After mentioning this caveat, I was asked a very good question: Can you use transaction isolation levels (such as snapshot isolation) with AlwaysOn Availability Groups, and would they help to avoid the issue of read-only queries on secondary replicas blocking the redo thread? In order to answer this question, I’m going to break it two parts, and then we’ll work through a couple demos to illustrate the answers.


Q: Can you use transaction isolation levels with AlwaysOn Availability Groups?
Yes and no. Yes, you can set whatever isolation level you would like when running queries on the secondary replicas, and SQL Server will not return an error. However, SQL Server will automatically override the isolation level (and ignore all lock hints) when querying a read-only replica, and instead force the queries to use snapshot isolation.

Per the “Benefits” topic of the Active Secondaries: Readable Secondary Replicas (AlwaysOn Availability Groups) BOL article:

Read-only workloads use row versioning to remove blocking contention on the secondary databases. All queries that run against the secondary databases are automatically mapped to snapshot isolation transaction level, even when other transaction isolation levels are explicitly set. Also, all locking hints are ignored. This eliminates reader/writer contention.

Q: Does using snapshot isolation prevent read-only queries from blocking the redo thread on secondary replicas?
A: After reading the above quote from BOL, you would think that read-only queries won’t block the redo thread, and that is true for DML statements. However, it is not true for DDL statements. Sure, snapshot isolation prevents read-only queries on the secondary replicas from taking locks and preventing other DML statements against the database from executing, but it doesn’t prevent the read-only queries from taking schema stability locks and blocking DDL statements.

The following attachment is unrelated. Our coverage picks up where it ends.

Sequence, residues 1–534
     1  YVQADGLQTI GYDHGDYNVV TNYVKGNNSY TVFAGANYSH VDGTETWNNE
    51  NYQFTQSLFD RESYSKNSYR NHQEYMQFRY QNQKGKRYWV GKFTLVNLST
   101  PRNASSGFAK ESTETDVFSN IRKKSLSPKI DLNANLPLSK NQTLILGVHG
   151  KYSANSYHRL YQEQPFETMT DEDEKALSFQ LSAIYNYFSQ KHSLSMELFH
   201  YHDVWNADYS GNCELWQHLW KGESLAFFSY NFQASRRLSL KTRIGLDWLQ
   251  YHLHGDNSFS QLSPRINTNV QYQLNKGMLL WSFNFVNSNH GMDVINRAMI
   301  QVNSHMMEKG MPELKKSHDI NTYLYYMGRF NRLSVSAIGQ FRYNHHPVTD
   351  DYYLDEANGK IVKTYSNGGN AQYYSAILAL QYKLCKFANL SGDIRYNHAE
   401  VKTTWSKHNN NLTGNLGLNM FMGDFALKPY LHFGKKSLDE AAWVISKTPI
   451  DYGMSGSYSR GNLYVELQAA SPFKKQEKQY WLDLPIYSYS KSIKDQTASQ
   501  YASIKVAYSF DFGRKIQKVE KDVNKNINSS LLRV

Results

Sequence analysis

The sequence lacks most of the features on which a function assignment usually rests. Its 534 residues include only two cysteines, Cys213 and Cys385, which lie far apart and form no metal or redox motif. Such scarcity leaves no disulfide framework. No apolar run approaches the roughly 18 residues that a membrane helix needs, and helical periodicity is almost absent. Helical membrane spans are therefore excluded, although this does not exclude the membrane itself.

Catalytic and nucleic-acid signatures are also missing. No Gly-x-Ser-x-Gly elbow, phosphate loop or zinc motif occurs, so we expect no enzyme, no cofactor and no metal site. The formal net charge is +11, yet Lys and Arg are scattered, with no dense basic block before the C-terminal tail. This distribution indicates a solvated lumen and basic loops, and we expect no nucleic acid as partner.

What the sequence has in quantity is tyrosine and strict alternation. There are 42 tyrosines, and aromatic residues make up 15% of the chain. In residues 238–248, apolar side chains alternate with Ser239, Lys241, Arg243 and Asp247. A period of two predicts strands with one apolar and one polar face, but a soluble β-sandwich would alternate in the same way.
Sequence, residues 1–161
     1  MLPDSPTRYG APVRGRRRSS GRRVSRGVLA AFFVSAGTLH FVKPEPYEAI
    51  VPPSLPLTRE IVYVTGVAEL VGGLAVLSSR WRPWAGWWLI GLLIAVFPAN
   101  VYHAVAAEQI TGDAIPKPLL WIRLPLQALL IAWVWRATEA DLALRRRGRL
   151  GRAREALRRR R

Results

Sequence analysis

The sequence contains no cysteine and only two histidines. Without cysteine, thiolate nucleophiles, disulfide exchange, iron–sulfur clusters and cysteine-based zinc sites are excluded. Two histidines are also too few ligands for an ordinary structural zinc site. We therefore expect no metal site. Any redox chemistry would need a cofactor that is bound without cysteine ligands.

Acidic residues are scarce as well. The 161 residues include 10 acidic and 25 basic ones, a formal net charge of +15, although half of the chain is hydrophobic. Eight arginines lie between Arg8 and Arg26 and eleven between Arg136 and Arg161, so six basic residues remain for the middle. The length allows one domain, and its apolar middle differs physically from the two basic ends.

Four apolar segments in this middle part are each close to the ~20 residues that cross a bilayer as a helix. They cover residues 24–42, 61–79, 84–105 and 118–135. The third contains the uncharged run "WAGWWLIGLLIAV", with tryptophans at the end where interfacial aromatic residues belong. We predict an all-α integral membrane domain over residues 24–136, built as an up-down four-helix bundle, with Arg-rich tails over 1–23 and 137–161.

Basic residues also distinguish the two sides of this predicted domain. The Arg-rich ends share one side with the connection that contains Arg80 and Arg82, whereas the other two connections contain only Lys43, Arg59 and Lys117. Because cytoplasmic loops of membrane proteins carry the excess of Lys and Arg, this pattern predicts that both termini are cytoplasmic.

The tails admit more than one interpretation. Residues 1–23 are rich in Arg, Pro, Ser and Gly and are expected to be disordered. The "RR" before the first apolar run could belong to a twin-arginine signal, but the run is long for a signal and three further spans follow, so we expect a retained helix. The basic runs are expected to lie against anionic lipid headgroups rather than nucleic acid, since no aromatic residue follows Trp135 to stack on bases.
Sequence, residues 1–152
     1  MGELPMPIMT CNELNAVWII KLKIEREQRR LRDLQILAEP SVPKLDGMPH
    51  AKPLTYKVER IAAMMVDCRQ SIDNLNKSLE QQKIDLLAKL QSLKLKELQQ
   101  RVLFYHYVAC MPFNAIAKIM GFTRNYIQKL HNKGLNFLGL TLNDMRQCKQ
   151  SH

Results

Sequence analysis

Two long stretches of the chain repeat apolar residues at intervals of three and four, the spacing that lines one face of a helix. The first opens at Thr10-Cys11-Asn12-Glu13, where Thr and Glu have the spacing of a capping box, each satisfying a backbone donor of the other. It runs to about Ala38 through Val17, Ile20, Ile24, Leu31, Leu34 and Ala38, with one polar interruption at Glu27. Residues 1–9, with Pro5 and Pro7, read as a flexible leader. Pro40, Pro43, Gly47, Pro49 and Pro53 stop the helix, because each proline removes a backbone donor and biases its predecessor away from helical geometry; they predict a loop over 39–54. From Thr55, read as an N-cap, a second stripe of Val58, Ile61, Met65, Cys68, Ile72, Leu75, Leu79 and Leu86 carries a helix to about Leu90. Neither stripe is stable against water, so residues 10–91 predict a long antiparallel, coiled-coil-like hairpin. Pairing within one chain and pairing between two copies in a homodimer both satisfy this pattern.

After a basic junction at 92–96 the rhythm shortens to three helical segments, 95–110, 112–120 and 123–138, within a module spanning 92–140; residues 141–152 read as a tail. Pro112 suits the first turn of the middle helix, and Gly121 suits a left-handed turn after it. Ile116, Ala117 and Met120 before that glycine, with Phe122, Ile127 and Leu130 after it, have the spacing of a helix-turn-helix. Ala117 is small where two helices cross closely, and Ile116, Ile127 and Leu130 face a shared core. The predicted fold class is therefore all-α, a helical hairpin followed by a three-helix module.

If you take a look later on in the same article I quoted above, you will come to the “Read-Only Workload Impact” section under the “Performance Considerations” topic:

Also, read-only workloads on the secondary replicas can block data definition language (DDL) changes that are applied through log records. Even though the read operations do not take shared locks because of row versioning, these operations take schema stability (Sch-S) locks, which can block redo operations that are applying DDL changes.


In order to have a reference architecture to use for this demo, I’m going to use the Availability Group that I setup as part of the presentation that I mentioned at the beginning of this article. If you would like to play along at home, you can download the scripts and slide deck for that session here. This Availability Group is called DemoAG, and has three replicas, AlwaysOn1 (primary), AlwaysOn2 (secondary), and AlwaysOn3 (secondary). There are two databases participating in the Availability Group: AdventureWorks2012 and AdventureWorksDW2012. I’m going to be using AdventureWorks2012 for this demo.

Testing isolation levels and lock hints: